Delay/Disruption-Tolerant Networking: Flight Test Results from the International Space Station

Delay/Disruption-Tolerant Networking: Flight Test Results from the International Space Station Andrew Jenkins, Sebastian Kuzminsky, Kevin K. Gifford BioServe Space Technologies University of Colorado Boulder,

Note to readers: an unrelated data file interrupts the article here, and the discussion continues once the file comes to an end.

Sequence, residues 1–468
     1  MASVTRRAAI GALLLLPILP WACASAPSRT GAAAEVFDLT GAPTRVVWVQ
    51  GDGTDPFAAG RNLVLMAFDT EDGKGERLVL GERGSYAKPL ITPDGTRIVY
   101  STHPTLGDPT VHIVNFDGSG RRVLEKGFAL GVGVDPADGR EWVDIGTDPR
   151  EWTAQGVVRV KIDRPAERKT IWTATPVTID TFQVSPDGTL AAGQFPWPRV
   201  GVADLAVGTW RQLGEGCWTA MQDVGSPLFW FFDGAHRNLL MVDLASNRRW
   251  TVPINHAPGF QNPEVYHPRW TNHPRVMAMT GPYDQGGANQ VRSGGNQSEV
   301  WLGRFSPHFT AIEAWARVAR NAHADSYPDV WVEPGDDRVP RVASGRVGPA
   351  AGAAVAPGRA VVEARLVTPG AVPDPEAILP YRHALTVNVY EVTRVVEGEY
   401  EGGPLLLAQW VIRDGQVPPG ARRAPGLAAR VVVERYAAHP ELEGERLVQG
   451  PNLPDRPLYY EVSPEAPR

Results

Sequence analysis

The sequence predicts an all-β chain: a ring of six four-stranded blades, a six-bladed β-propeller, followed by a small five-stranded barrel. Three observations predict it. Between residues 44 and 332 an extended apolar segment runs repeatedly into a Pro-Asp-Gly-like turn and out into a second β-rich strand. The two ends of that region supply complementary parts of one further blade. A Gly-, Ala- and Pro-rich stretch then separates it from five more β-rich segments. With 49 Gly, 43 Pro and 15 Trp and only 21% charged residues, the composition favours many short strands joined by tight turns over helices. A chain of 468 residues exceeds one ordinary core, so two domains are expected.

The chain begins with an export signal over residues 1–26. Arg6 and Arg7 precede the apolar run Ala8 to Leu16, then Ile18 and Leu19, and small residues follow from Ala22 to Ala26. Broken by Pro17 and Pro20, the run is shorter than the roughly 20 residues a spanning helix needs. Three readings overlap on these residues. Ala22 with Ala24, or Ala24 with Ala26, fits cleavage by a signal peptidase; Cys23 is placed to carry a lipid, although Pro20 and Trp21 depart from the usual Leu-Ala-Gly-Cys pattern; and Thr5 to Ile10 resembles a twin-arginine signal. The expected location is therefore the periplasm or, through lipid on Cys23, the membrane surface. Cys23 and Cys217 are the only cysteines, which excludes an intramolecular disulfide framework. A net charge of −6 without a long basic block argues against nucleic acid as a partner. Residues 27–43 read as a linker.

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Delay/Disruption-Tolerant Networking: Flight Test Results from the International Space Station Andrew Jenkins, Sebastian Kuzminsky, Kevin K. Gifford BioServe Space Technologies University of Colorado Boulder, CO Robert L. Pitts, Kelvin Nichols NASA Marshall Space Flight Center MSFC Huntsville, AL Abstract The University of Colorado is working with NASA to extend Earth s internet into outer space and across the solar system. The new networking technology is called Disruption Tolerant Networking (DTN), and is being tested on the International Space Station. DTN will enable NASA and other space agencies around the world to better communicate with international fleets of spacecraft that will be used to explore the moon and Mars. This technology is evolving into an Interplanetary Internet. In this paper we describe the design and features of the DTN-on-ISS implementation as well as reporting initial results from the experimental deployment. 1,2 TABLE OF CONTENTS 1. INTRODUCTION RELATED WORK DTN-ON-ISS IMPLEMENTATION OPERATIONS DATA CUSTODY SIGNAL COMPRESSION CUSTODY TRANSFER RETRIES CONCLUSIONS FUTURE WORK ACKNOWLEDGEMENTS...6 REFERENCES...7 BIOGRAPHY INTRODUCTION Communications in space are characterized by their disrupted, wireless nature. Whether due to occultation, scheduling, cost or solar flares, spacecraft must handle interruptions in connectivity and data losses [1]. Disruption Tolerant Networking (DTN) [2,3] can maximize the efficient use of links to and among spacecraft. As part of NASA s efforts to research DTN in space, the authors have deployed an implementation of the DTN Bundle Protocol (BP) [4] to a payload on the International Space Station (ISS) /10/$ IEEE. 2 IEEEAC paper #1279, Version 35, Updated 2009:12:01 This paper reviews networked space communication and provides the context of the DTN-on-ISS deployment. Next, it describes the requirements and features of the DTN-on- ISS implementation. Early results from DTN operations are presented and discussed. Constraints of the current system implementation are identified and enhancements to resolve these limitations are presented. Finally, a look forward to the future of DTN on the International Space Station and affiliated ground systems is presented. 2. RELATED WORK Apollo astronauts on the lunar surface relayed voice communications through the Lunar Module [5]. The Command/Service Module, Lunar Module, and the Earthbased Manned Space Flight Network formed a communication network robust to failures and line-of-sight interruption. The Tracking and Data Relay Satellite System (TDRSS) [6] forms bent-pipe relays to Shuttles and the ISS. However, neither of these systems provides an automated store-and-forward capability. The Mars neighborhood includes an increasingly dense mesh of orbiting and surface spacecraft that support secondary relaying activities simultaneous with primary science experiments [7]. The crucial store-and-forward buffer capacity is a constrained resource. As well, the human effort required to schedule communications among Mars assets and the DSN is significant. The Interplanetary Internet Special Interest Group designed a space internet [8], and the Consultative Committee for Space Data Systems engineered interoperable protocols [9], underpinning the cross-layer, cross-mission, cross-agency support required for networked space exploration and science communication. These space-oriented groups collaborate with the Delay-Tolerant Networking Research Group [10], which includes terrestrial applications of DTN. The central protocol of the DTN architecture is the Bundle Protocol, BP, [4], which describes a mechanism for bundling data for store-and-forward delivery over a network that may face challenges in delay, asymmetry, disruption and power. 1 Payload Data Services System, PDSS, is used to transmit payload telemetry to remote control sites such as the Boulder POCC. Each payload makes use of an application identifier (APID) that maps the per-payload telemetry to a destination IP address and UDP port; and 2) The Enhanced HOSC Support, EHS, Remote Interface System (ERIS) is used for issuing commands and message acknowledgements from the ground to the on-orbit payload. Figure 2 also shows the payload Rack Interface Computer, RIC, onboard the ISS, which serves as an IP gateway to the ISS payload LAN. Figure 1 CGBA5 onboard ISS being attended to by Astronaut Terrence W. Wilcutt (from [15]). The first experiments with the Bundle Protocol in space utilized the Disaster Monitoring Constellation [11,12] in January The Deep Impact Network Experiment (DINET) used the EPOXI (formerly DI) spacecraft and Earth nodes to simulate an Earth-Mars network in October 2008 [13,14]. These previous experiments demonstrated the feasibility of the bundle protocol and related technologies to form an automated store-and-forward overlay network among spacecraft and Earth assets. Similar to DMC and DINET, our deployment of DTN involved modifying software that is currently in-flight and has a primary purpose that is not DTN. The previous deployments were experimental and short-lived. In contrast, this paper describes an architecture to transition an ISS life science payload to use DTN for dayto-day operations for the remainder of its lifetime. 3. DTN-ON-ISS IMPLEMENTATION The deployment of DTN and the Bundle Protocol to the International Space Station begins with developing and installing a bundle protocol agent (BPA, a bundle router) to the Commercial-Grade Bioprocessing Apparatus 5 (CGBA5, Figure 1). CGBA5 is primarily an environmental control chamber for life science experiments, but provides an embedded computational/communications platform with these characteristic features: 1 GHz Intel Celeron processor (32-bit). 1 GB RAM; 4 GB solid-state disk. Debian Etch operating system on Linux CGBA5 is remotely monitored from Boulder, CO in the Payload Operations Control Center (POCC). It may be commanded and controlled either by a crewmember on station, or remotely from the POCC, via the Huntsville Operations Support Center (HOSC). Payload users like the CGBA5 team interface with ISS-to- Ground communications interface systems located in the HOSC. The HOSC provides two systems of interest: 1) The Figure 2 The Ground-Space Disruption Tolerant Network between the CU-Boulder POCC and the ISS. Non-DTN Operations Before the deployment of DTN, remote operations involved scheduling sessions for issuing commands to CGBA5 days or weeks in advance. Commands were limited to 88-byte packets, and a typical session might include 5 or fewer commands (440 bytes a week). Commands could not be used to provide communications feedback, so telemetry from CGBA5 was delivered via a transmit-in-the-blind mechanism: Always transmit per-second health and status. Service longer-term science and status through a priority-based repeat system named playback. The playback system downlinks the newest telemetry files first and uses the remaining bandwidth to repeat older files. The downlink path is interrupted by losses in connectivity between the ISS and Earth due to normal TDRSS handovers, as well as losses experienced as UDP packets traverse a congested Internet from Alabama to Colorado. To compensate for losses without feedback, the telemetry files may be replayed hundreds or thousands of times. For files in which the very first attempt was successful, this represents a large overhead of useless retransmissions as depicted in Figure 3. A custom framing and multiplexing protocol named channel is used to support multiple applications on the payload. Each CGBA5 application (such as playback) utilizes its own channel, just like a UDP port. In addition, CGBA5 applications can submit data units up to 2048 bytes regardless of the underlying RIC frame size, as shown in Table 1. 2 Table 1 Channel Characteristics for CGBA5 Disruption-Tolerant Operations The first step in Disruption-Tolerant operations is adding a feedback link to increase the downlink efficiency of the payload. This enables a simple form Automatic Repeat request (ARQ) that is delay and disruption tolerant. This system preserves reliability with much less overhead, thus allowing for higher fidelity science operations because the downlink is used much more efficiently. The HOSC extended their systems to support a new class of commands that may only carry feedback acknowledgments. These are administrative bundles (custody signals and status reports) in the language of the Bundle Protocol. The ISS Payload Rack Officers at the HOSC can readily disable or In addition to the downloadable releases, some specialization has been performed by the authors. Specialization that consists of bug-fixes and the addition of new capabilities described in this paper that are not present in ION are publicly available 4, either under the ION license or as free software. Specialization that adapts ION to CGBA5 is not available, in compliance with ITAR and EAR restrictions. The ION software suite is desirable for many embedded applications because it is under active development, and is lightweight (incorporating features deemed most relevant to space applications). The total uplink size of the packaged version of ION used on CGBA5 (including extra applications) is 524kB. Table 2 outlines the sizes of the major components of ION for a recent uplink (build82). While some ION components are unused on CGBA5, they are uplinked anyway since they are a part of the normal ION distribution, and may be used at a later date. 4. OPERATIONS DATA Deployment to the International Space Station began in June After a checkout, the first experiments occurred on July 10, 2009 [16,17,18] and involved downlinking images of a previous CGBA5 experiment where a metal salt is Figure 3 Histograms of redundant space-to-ground transmissions for three days (N=1008) of typical non-dtn (left) and DTN (right) operations. In the non-dtn case, files are received on the ground between 3276 and 3651 times. In the DTN case, no file is received on the ground more than four times, 96% of files are received only once. enable these DTN acknowledgements without advance notice to the payload team in response to higher priority commanding requirements. With this link, enhancements to payload software allow monitoring of the DTN software and new telemetry software adapted to the DTN architecture. Modifications to operations procedures and software accompany the new DTN software. The DTN software communicates via its own channels in the multiplexing system, so legacy commanding and telemetry systems are still supported. Table 2 The size of ION components on CGBA5 The payload and POCC Ground Support Equipment (GSE) software s DTN capabilities are built around the Interplanetary Overlay Network (ION) software originally developed at the Jet Propulsion Laboratory. Some versions of ION are publicly available through Ohio University, 3 including the version utilized by CGBA5. added to a silicate solution and insoluble silicates form. A frame of the experiment was sliced into small pieces, and these pieces were downlinked over a disrupted space-to- 3 4 Utilities are at Bug-fixes are discussed on the ion-users mailing lists. 3 ground link. Figure 4 shows an example frame from the video, and the full video is available online 5. This initial deployment demonstrated the success of the bundle protocol in handling disruptions. The payload (data sender) had no feedback regarding the state of the space-toground link, and the experiment was chosen to occur over a planned TDRSS handover. During TDRSS handovers, the space-to-ground and ground-to-space links experience disruptions on the order of several minutes. The payload responded to this disruption as designed, by custodial retransmission after a configurable timeout. themselves are bundles with a special payload layout. Unlike link-layer acknowledgements, the next custodian is not necessarily the next bundle hop; if a bundle agent is unwilling to take custody (perhaps due to storage constraints or low power) it can forward the bundle along in the hopes that a bundle agent further along the route will accept custody. The next evolution of the DTN-on-ISS network involved using the DTN for unattended operations. The payload would downlink its status telemetry files via the non-dtn transmit-in-the-blind configuration as well as via a DTN configuration. Figure 3 shows the result for a 3-day period in which 14 files an hour were generated. In this period, the non-dtn scheme resulted in an average of 3504 redundant receptions per file. The DTN scheme performed much better at an average of 0.06 redundant receptions per file. While many automatic repeat request (ARQ) systems would provide similar benefits over an inefficient transmit-in-theblind scheme, they do not meet the same interplanetary networking goals as DTN. Operations Lessons Learned Throughout this experiment, the operations personnel at the HOSC supported the investigators at the University of Colorado, and communication was key. From the perspective of HOSC and MCC flight controllers, DTN custody signals are payload commands. The concept of autonomously generated payload commands requires close scrutiny from those who are charged with protecting the lives of the crew and the success of the ISS mission as a whole. 5. CUSTODY SIGNAL COMPRESSION The need for custody signal compression To downlink reliably in spite of disruptions of many minutes, the CGBA5 bundle agent transmits bundles with custody transfer. In this mode, a bundle agent who has custody of a bundle will retain custody (become the custodian) until it receives a signal from the next custodian. While custody is retained, the bundle agent will retain a copy of the bundle. If it believes custody transfer has failed (due to an external event like link-layer notification or internal custody transfer countdown timer timeout), it may attempt to re-forward the bundle, possibly selecting a different route or otherwise using more robust communication. A bundle agent is notified that another agent has taken custody of a bundle via a custody signal. Custody signals 5 Figure 4 A snapshot from a video of DTN downlinking images of insoluble silicates in spite of disruptions. The downlink from CGBA5 can send any number of bundles, up to 400 Kbits/second (bundle headers and payload). To share bandwidth with other ISS payloads, we limit the uplink to CGBA5 to one bundle every 5 seconds, with 90 bytes available for the bundle header and any payload (in comparison with Table 2.4, we are here assuming that 6 bytes of RIC payload are used for channel header; 96-6=90). The downlink has about 2800 times more bandwidth than the uplink. This link asymmetry is justified by design for nonnetworked spacecraft. Before DTN, ISS payload users were not permitted to send automated network acknowledgments to their payloads. If the Interplanetary Internet is to be successful, this kind of asymmetry (especially but not exclusively present in legacy systems) must be accommodated. In order to efficiently utilize the CGBA-5 downlink channel, any acknowledgment (custody signal or otherwise) uplinked must be smaller than the data it is acknowledging by at least a factor of When considering custody transfer as an acknowledgment mechanism, calculations indicate that the minimum efficient 4 downlink bundle size for the CGBA5 communications link is given below: Equation 1: each second, spanning 5 seconds, with an additional 23 bytes above the uncompressed custody signal. Thus, a new nominal custody signal bundle size (for 250 bundles) would be (compare to Equation (1)): Equations 5 & 6: One of the first applications on CGBA5 that we are attempting to switch from using our channel transport protocol to using BP is called playback. This application transmits files containing telemetry data from CGBA5 to the GSE computer. The data files are stored, compressed and transmitted. The average file size is approximately one kilobyte. Our send files over BP application puts each file into its own bundle, and sends it with custody transfer enabled. For a 400 kbps downlink telemetry rate we have: Equations 2 & 3: Per section of RFC 5050, a Bundle Agent that accepts custody for a bundle must generate a Succeeded custody signal for the bundle and send it to the bundle s current custodian. Thus the GSE must send 50 custody signals per second back to CGBA5 on ISS: Equation 4: As cited in Eq (1), the minimum size of a CBHE-encoded primary bundle block (for a bundle larger than 16KB) is 24 bytes. The minimum size of the Administrative Block Header is 3 bytes. The minimum size of a bundle payload block containing a custody signal for a bundle with a small CBHE source is 22 bytes. A mechanism for Custody Signal Compression We propose extending the bundle protocol to support a new kind of custody signal. This new custody signal will accept custody for multiple bundles, using a compact encoding. An example compression based on ideas from TCP Selective Acknowledgment [19] is shown in Figure 5. CGBA5 could downlink 50 bundles per second if not limited by GSE uplink custody signal bandwidth. Using the example compression, the GSE could uplink one custody signal bundle that signaled reception of 50 out of 51 bundles Thus, the optimal bundle must be no smaller than 800 bytes. This allows the downlink channel to be fully utilized by normal CGBA bundle sizes (1 KB 800 B) without limitation by the uplink channel. The bundle protocol does not suggest that bundles forwarded to a particular bundle agent are forwarded in sequential order, which would provide the maximum compression. However, we note that implementations of bundle agents are free to perform this optimization if they wish, and even if they do not, the overhead of bundle headers and endpoint identifiers is much greater than that of sequence numbers. A simple mechanism for interoperating with bundle agents that may not support compression is needed. A compression-enabled agent should send a compressed custody signal if it doesn t know that the custodian supports compression. If the custodian later re-forwards any bundles that were mentioned in the compressed signal, the compression agent should assume that the custodian doesn t support compression and send uncompressed custody signals. This technique is vulnerable to false-negatives if custody signals are lost in the network, and more advanced heuristics are possible. Figure 5 Experimental custody transfer compression encoding for 36 bundles in one CT signal. The bundle from ipn:1.1 at time1 with sequence number 14 is not acknowledged. 5 6. CUSTODY TRANSFER RETRIES Custody transfer is a mechanism to promote reliability that is described in RFC5050 and is described as an open research area [20]. It designates custodians in the network that have an elevated responsibility to deliver bundles. An example scenario that benefits from custody transfer is presented in Figure 6. Here, node 1 is sending a bundle to node 3, and node 2 is a custodian (this would be reasonable in the case where link A is expensive so end-to-end retries should be avoided if possible). Link A is unidirectional, so node 2 can only send acknowledgments (like custody signals) through link B, and then through a disrupted network. In this case, bidirectional acknowledgments (as used in TCP and LTP) are not possible. End-to-end retries are undesirable due to the cost of link 1. Custody transfer, namely retries from 2 to 3 without involving 1, is a solution. Figure 6 A network of bundle agents for which convergence layers cannot provide reliability. Node 1 has an expensive unidirectional link A to a custodian, node 2. Node 2 can only provide custody signals back to node 1 through link B and a disrupted network. Future disruption-tolerant networks may retry custody transfer at intervals that are informed by routing, contact schedules,